Coleman Insights recently introduced the FACT360 Strategic Music Test. FACT360 is online music testing done right through the latest sampling techniques and data collection capabilities, and includes the same benefits that Coleman Insights has provided through its FACT Strategic Music Tests for more than 20 years. These benefits help radio stations build the most appealing and strategically on-target libraries possible.
In the spirit of our launch of FACT360, we present the third in a series of five blogs authored by Coleman Insights executives covering important considerations about music testing and music strategy. This blog is written by vice president John Boyne and covers how to select songs for your next library test.
In the previous entry in this blog series, my colleague Sam Milkman wrote about the importance of using the “right” sample when you test your music library. Equally important is testing the “right” songs, which I will address in some detail here. There are important parallels between these concepts.
Much like how it should drive the design of your music testing sample, strategic research—such as the Plan DeveloperSM and FLIPSM studies Coleman Insights provides to many of its clients—should drive what you test. You should walk away from a strategic research project with clear direction on your station’s music strategy, specifically, which styles of music should be at the core of that strategy, which should comprise secondary and “spice” roles and which should be avoided altogether.
These insights should then drive what you test, as the composition of your test list should generally mirror the music strategy that emerges from your strategic research. For example, if you program a 70s- and 80s-based Classic Hits station that features 80s Pop Rock, 70s Pop Rock and 70s Corporate Rock as its core sounds, you should be exhaustive in testing titles from those three genres, making sure that they are well-represented in your test list. Meanwhile, if your strategic research advises being cautious about your Classic Hits station going too far into Classic Rock territory, you would be wise to limit your testing of titles from sounds like 70s Classic Rock, 80s AOR and 80s Hair to just the very biggest hits. In other words, be more adventurous and try to go as deep as possible in testing songs from the genres at the core of your strategy; be more cautious and try to stick to the more “tried and true” titles for sounds that are on the fringes of your strategy.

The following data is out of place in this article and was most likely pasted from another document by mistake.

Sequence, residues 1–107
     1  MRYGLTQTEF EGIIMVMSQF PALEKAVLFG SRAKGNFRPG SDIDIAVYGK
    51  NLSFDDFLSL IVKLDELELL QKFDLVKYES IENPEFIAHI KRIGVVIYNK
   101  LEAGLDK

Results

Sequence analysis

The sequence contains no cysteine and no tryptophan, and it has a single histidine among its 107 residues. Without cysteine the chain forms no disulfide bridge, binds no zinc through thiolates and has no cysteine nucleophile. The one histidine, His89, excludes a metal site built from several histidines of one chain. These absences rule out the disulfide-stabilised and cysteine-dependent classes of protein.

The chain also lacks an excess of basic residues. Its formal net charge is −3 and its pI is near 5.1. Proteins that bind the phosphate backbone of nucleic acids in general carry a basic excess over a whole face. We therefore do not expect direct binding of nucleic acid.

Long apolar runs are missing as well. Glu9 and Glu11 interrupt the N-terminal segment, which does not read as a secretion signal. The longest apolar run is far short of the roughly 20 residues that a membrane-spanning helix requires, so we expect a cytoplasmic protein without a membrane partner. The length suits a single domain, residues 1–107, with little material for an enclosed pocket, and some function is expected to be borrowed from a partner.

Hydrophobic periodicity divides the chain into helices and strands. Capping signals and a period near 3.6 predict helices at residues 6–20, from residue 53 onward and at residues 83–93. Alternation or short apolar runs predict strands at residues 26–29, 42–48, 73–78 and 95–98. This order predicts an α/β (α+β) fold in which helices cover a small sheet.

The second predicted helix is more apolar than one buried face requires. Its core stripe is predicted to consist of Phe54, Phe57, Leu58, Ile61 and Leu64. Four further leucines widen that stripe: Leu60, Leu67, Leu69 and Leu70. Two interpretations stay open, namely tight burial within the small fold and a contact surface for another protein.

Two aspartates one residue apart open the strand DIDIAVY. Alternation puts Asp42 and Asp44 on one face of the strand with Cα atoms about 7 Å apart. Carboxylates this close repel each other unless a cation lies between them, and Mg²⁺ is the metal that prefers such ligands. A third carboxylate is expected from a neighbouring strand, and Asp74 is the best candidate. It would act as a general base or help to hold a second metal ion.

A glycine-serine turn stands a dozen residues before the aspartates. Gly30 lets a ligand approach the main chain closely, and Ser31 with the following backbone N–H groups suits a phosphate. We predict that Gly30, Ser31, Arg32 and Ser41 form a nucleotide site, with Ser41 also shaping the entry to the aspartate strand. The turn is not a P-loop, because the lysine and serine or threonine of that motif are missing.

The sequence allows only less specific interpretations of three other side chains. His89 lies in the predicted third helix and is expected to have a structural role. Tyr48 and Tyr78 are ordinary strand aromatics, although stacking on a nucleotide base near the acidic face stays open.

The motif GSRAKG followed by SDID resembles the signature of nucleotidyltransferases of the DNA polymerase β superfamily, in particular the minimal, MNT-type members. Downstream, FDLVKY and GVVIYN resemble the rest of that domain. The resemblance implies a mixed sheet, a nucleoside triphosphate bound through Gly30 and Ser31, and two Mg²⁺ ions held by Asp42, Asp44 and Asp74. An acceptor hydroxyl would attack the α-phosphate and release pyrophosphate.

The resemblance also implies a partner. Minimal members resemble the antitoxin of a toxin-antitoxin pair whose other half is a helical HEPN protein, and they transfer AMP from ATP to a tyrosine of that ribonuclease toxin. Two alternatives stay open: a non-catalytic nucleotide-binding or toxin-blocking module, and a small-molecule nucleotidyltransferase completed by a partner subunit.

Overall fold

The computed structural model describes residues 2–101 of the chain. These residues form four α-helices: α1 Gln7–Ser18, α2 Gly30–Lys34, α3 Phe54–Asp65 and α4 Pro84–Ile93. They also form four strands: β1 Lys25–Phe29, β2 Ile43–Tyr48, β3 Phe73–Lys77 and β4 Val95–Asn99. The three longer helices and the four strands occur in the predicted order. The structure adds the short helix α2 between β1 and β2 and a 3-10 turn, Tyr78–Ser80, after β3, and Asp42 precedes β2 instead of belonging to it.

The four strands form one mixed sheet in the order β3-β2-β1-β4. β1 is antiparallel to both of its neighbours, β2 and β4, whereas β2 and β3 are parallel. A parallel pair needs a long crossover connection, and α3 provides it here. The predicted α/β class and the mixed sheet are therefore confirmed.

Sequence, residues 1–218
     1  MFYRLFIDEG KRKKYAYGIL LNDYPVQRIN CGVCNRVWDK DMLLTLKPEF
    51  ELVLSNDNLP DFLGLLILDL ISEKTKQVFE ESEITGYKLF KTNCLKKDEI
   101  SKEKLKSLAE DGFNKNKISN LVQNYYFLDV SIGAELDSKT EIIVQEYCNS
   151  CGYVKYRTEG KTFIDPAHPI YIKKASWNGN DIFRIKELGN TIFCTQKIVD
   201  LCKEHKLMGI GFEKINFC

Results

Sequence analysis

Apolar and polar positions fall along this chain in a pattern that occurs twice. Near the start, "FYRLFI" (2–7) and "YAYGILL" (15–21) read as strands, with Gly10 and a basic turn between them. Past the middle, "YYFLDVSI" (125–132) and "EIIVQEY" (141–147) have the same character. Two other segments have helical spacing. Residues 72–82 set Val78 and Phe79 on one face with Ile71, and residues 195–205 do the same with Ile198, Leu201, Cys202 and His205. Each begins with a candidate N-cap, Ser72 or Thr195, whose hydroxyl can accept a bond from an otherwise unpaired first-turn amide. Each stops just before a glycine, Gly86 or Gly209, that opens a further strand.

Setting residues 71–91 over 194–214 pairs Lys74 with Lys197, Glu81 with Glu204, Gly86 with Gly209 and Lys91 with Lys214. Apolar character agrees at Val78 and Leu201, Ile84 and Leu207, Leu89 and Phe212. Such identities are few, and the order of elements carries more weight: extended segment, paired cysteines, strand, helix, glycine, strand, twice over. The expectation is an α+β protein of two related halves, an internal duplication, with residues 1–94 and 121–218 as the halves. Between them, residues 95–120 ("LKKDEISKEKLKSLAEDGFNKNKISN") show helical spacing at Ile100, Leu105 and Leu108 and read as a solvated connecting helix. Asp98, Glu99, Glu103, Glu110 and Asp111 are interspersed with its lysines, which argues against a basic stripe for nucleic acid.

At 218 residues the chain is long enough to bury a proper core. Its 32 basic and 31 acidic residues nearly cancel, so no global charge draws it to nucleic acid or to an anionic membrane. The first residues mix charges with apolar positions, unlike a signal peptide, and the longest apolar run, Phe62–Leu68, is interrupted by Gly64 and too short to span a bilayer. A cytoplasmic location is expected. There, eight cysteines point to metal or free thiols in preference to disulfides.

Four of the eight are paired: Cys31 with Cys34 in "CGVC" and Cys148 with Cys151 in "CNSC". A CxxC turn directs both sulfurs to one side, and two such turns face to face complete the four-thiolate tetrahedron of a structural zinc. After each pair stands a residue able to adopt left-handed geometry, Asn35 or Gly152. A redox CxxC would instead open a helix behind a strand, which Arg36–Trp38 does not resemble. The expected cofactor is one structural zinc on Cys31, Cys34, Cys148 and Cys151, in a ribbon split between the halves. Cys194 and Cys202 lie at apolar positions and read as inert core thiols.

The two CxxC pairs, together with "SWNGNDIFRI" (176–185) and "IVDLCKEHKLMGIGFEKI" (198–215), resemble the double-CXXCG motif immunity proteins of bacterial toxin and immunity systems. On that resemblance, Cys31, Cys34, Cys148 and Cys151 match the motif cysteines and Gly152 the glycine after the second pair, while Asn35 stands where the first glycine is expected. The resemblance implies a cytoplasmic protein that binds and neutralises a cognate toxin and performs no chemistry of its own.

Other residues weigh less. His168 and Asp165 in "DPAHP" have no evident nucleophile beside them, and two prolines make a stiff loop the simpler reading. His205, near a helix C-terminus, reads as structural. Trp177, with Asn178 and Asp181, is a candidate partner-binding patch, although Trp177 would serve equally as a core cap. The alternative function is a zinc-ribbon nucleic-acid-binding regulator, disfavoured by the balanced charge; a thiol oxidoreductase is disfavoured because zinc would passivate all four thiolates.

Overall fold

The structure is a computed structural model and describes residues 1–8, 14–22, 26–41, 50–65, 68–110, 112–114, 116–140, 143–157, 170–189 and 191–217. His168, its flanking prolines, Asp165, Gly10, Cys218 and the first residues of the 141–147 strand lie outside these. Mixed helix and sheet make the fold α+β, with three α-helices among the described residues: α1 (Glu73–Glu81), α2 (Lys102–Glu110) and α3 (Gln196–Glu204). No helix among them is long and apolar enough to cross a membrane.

Taking this point further, I urge extra caution about going on what we like to call a “fishing expedition.” This is when a programmer tries to use a music test to assess whether or not their station should get into sounds that it currently does not play. For example, going back to Classic Hits, this could involve testing a lot of 90s and 00s titles in an effort to see whether the station should evolve. As tempting as it can sometimes be to explore new territory, music tests are not the tool for making this assessment. Such questions should be answered by a strategic study, which takes into account your larger competitive landscape. Thus, strategic research should drive your station’s music strategy and music testing should be looked to as a tool for executing that strategy. We have seen far too often stations get off track because they let their music testing drive their strategy instead of vice versa.
At Coleman Insights, we also encourage stations to test every title in their libraries. This even includes those titles that you see test well repeatedly and have no question about the frequency with which you play them. Why? First, to gain insights into how your target audience feels about each song, you need songs to be rated relative to those songs that you know are popular. Second, and perhaps more importantly, testing your full library is necessary to learn about the relationships that exist between the appetites for every music genre you play. High quality music testing gives you these insights (for example, our FACT360 Strategic Music Tests do so through a measure called Compatibility, which will be the subject of our next blog in this series), but can only do so comprehensively if your entire active library is represented in your test list. Moreover, even if your station is fortunate enough to conduct new music research on a regular basis and you use that as the primary tool for deciding which Currents to play, including your Currents in a library test is a good idea because it allows you to learn more about the Compatibility between the newer and the older sounds you play.
Sam’s previous blog talked about “garbage in, garbage out” and how testing your music with the wrong sample could produce results that send your station in the wrong direction. The same is true with constructing the list of titles in your library test. I encourage you to avoid getting garbage results by testing titles that conform to your station’s music strategy as closely as possible.